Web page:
• Green-Magenta Tint
  • Contrast
  • Saturation
  • ACES OT

 

Curve Control Tone Mapping Operators


Advanced Filmic Mapping – Applies highlight compression and shadow saturation control using Filmic S-curve. Allows more control over the curve compared to the basic Filmic operator. When enabled, the output is always in the interval [0,1], so the bright pixels are compressed.

  • Toe Strength – The values in the toe (the leftmost segment of the S-curve) are squeezed into a smaller output range. The stronger the toe, the smaller the interval. 0 means there is no toe, and 1 means that the toe is completely flat on the x-axis, assigning 0 to all values in the toe.
  • Toe Length – The values in the toe (the leftmost segment of the S-curve) are squeezed into a smaller output range. The longer the toe, the more values are affected, starting from the darkest values. 0 means no toe, and 1 means that the toe takes up half the curve.
  • Shoulder Strength – Stretches the dynamic range of the curve - moves the white point to higher input values. The values above the white point are clamped to white. 0 means no shoulder - the white point is where the linear middle part reaches 1. The parameter describes how many F stops we add to the dynamic range.
  • Shoulder Length – The values in the shoulder (the rightmost segment of the S-curve) are squeezed into a smaller output range. The longer the shoulder, the lower values are assigned, starting from the brightest values. 0 means there is no shoulder starts where the toe ends (there is no linear part in the middle).
  • Shoulder Angle – Increasing the steepness of the shoulder. The reason is that a long flat shoulder squeezes too wide dynamic range into a narrow range in output values, causing the loss of contrast in the bright parts of the image. Increasing this parameter leads to the white point being higher than 1; therefore, the curve is then rescaled, so the output values are in [0,1].

Applying this operator results in nonlinear output. When composing render elements together, this operator has to be disabled to get correct results; for example, when using multi-passes that split the output to reflection/refraction, only linear operations should be used before combining those elements back together.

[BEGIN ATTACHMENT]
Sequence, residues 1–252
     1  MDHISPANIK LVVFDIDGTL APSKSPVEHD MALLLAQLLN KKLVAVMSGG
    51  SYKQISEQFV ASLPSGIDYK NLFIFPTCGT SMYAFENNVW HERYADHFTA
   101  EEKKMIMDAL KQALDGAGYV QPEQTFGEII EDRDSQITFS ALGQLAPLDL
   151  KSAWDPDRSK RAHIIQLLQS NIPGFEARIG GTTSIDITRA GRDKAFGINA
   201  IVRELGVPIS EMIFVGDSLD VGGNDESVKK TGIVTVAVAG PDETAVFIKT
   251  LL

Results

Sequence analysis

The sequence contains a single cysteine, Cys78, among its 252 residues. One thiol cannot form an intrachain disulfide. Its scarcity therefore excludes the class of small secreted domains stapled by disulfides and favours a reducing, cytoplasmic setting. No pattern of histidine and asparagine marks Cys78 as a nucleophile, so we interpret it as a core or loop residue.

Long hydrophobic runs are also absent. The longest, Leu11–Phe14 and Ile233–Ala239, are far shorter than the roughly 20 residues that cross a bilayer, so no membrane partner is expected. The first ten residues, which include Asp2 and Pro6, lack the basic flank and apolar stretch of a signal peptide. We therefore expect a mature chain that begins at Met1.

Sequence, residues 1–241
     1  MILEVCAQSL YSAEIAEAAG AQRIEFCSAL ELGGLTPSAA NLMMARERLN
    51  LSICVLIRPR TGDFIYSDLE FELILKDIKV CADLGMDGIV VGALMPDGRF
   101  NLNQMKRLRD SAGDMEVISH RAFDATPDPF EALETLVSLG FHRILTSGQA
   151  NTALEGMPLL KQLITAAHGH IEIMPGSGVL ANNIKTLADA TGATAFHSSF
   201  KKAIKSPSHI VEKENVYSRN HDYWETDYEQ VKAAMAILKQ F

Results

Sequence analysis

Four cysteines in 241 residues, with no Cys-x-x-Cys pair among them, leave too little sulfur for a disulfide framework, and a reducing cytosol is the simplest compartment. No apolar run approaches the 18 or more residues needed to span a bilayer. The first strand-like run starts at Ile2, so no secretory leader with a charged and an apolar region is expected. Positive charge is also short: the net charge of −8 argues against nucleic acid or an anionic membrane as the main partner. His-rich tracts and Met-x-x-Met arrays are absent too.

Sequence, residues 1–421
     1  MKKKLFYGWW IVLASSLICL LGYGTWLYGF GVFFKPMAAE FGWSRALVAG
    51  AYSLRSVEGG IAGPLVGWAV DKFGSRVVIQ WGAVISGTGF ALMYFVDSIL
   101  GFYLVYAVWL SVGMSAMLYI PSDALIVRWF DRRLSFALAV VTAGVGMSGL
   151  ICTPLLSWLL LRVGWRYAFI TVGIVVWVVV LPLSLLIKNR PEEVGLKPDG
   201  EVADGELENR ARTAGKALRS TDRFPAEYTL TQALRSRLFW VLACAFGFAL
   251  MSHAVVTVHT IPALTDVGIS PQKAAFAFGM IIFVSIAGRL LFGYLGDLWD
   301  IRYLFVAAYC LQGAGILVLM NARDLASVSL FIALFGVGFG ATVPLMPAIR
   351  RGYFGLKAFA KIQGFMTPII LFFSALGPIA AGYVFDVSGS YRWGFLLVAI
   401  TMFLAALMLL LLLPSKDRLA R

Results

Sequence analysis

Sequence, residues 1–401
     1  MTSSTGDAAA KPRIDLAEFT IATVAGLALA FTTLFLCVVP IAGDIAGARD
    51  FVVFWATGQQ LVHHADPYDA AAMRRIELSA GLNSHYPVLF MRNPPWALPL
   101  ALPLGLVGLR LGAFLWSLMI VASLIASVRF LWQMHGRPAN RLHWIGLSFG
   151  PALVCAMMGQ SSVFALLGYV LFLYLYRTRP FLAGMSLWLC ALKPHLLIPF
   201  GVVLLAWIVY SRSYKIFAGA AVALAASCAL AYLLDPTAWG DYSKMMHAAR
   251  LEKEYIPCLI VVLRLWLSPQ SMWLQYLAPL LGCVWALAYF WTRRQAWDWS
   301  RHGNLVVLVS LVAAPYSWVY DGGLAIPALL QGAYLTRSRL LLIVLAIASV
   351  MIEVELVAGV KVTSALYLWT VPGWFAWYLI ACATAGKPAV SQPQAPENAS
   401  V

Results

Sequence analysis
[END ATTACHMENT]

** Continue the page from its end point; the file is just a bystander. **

This operator lowers the brightness values in the image highlights. If you are planning to save your image in a high-dynamic range format and edit it in post-production, consider disabling this operator.

Curves – Applies custom color mapping curves. 

Applying this operator results in nonlinear output. When composing render elements together, this operator has to be disabled to get correct results; for example, when using multi-passes that split the output to reflection/refraction, only linear operations should be used before combining those elements back together.

Filmic Mapping – Allows highlight compression and shadow saturation control using Filmic S-curve.

  • Highlight compression – Applies filmic Tone Mapping to bright regions of the image, resulting in subtle highlight compression without loss of color saturation.
  • Rich Shadows – Applies filmic Tone Mapping to dark regions of the image, resulting in increased richness/saturation of shadows.

Applying this operator results in nonlinear output. When composing render elements together, this operator has to be disabled to get correct results; for example, when using multi-passes that split the output to reflection/refraction, only linear operations should be used before combining those elements back together.

Tone Curve – Allows independent control of different tones of the image - shadows (the darkest areas), darks, lights, and highlights (the brightest area).

  • Highlights – Adjust the brightest areas of the image. Positive values enhance them, while negative values suppress them. This affects the brightest subset of the tones that the Lights parameter affects.
  • Lights – Adjust the bright areas of the image. Positive values enhance them, while negative values suppress them. This affects wider range of tones than the Highlights parameter.